As politicians in Washington appear to be stuck in neutral about the shutdown and debt ceiling crises, there’s growing speculation that Halloween will be the ultimate deadline for a final deal.
The other argument before the Supreme Court on Tuesday, Burt v. Titlow, involves a sensational murder case, and a possible important precedent for defendants who get questionable advice from lawyers.
Jesse H. Rhodes from the University of Massachusetts, Amherst, explains how the modern evolution of the two-party system ensures the nation will lurch toward the next crisis after the debt ceiling and government shutdown crises end.
Yes, it’s the first Monday in October, and the Supreme Court has started hearing arguments in new cases. And there are a few high-profile ones in front of the Justices immediately, including a big case involving campaign financing.
Nicole Huberfeld from the University of Kentucky explains the relationship between the federal government and the states in the implementation of the Affordable Care Act, and why state cooperation in Medicaid expansion is even more important than the ACA Exchanges for some people.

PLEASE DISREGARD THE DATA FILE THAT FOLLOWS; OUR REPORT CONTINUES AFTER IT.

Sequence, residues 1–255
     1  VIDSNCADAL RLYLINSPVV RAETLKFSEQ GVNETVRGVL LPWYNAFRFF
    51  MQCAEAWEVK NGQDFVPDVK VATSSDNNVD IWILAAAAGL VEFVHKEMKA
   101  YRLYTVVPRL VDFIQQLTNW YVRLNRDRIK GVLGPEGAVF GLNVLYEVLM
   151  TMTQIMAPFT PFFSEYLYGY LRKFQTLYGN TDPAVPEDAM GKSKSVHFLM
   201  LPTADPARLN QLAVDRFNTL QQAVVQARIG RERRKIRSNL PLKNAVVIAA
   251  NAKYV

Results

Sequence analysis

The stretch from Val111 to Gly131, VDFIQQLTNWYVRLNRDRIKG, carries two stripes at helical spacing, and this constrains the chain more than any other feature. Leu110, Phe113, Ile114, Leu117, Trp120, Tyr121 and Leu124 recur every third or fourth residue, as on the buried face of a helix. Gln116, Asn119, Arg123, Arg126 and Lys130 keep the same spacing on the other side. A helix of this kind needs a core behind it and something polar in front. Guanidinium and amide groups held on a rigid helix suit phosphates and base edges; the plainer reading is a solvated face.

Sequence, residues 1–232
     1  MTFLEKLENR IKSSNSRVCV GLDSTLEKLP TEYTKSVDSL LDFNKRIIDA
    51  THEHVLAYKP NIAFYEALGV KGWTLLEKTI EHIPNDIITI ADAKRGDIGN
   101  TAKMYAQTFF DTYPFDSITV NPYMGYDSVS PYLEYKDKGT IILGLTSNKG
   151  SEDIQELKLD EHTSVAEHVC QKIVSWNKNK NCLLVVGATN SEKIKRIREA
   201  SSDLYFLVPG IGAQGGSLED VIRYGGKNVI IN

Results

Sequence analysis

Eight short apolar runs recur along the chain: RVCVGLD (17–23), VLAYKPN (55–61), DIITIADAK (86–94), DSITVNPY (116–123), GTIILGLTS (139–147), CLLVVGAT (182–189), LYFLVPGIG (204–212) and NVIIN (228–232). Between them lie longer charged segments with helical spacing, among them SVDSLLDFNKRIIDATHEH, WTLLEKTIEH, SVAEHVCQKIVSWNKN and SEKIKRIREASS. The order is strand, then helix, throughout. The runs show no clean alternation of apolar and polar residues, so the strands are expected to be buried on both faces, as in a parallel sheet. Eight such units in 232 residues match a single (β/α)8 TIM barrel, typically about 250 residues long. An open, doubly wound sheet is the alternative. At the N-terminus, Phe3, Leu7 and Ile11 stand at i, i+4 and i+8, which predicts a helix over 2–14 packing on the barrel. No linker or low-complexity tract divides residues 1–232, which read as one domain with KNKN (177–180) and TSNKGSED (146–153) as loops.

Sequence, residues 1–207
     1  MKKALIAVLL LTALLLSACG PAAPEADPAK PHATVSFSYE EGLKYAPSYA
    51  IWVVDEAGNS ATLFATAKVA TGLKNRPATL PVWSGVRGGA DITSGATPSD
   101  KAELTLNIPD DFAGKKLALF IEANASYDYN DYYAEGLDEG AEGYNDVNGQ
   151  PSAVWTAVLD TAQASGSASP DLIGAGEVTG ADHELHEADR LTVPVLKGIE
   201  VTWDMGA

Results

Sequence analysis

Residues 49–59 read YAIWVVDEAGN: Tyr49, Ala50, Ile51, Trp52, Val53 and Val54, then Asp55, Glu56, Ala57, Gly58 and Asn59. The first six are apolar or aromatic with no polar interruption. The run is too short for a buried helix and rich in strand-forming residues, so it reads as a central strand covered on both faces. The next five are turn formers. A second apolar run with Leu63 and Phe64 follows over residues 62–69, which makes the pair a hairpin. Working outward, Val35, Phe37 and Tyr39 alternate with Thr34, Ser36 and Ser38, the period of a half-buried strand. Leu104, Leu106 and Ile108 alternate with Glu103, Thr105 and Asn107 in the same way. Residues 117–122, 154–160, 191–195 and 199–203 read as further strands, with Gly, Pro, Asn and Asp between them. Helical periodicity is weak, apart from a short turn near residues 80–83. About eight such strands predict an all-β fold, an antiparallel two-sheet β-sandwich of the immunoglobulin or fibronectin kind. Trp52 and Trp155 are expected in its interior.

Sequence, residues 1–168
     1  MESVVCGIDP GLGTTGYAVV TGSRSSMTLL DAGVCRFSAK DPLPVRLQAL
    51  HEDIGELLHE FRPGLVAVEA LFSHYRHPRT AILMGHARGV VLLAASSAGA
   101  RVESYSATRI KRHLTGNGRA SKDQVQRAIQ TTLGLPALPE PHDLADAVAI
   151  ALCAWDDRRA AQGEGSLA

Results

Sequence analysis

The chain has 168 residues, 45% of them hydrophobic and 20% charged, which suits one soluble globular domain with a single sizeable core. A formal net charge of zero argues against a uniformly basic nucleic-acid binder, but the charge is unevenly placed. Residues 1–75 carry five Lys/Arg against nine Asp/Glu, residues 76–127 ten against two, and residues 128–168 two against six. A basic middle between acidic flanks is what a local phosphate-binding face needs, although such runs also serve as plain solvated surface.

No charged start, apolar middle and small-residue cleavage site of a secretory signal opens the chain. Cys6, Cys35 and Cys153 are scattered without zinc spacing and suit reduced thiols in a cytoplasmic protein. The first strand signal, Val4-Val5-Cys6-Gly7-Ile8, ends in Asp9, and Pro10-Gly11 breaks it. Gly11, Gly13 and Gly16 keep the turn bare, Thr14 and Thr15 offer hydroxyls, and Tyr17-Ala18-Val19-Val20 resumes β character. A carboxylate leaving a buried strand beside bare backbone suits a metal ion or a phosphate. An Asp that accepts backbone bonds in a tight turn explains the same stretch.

Alexander Fullman previews the upcoming Supreme Court arguments in McCutcheon v. Federal Election Commission, a case that could lead to the spending of even more money in United States elections.
Our friends at the Harlan Institute and The Constitutional Sources Project have new season of the Virtual Supreme Court starting this fall.
In this commentary, Professor Neil H. Buchanan from George Washington University says political brinkmanship is much less important than resolving the debt ceiling question permanently—a lesson that may be lost on the Obama administration and others in Washington.
Can he or can’t he raise the debt ceiling citing the 14th Amendment? While only President Obama’s advisers know for sure, there are a lot of opinions in government, the media, and the academic world about this very interesting topic.
In this commentary, Tad DeHaven from the Cato Institute says that budgetary impasse may be obscuring the fact that the federal government’s long-term financial situation remains bleak.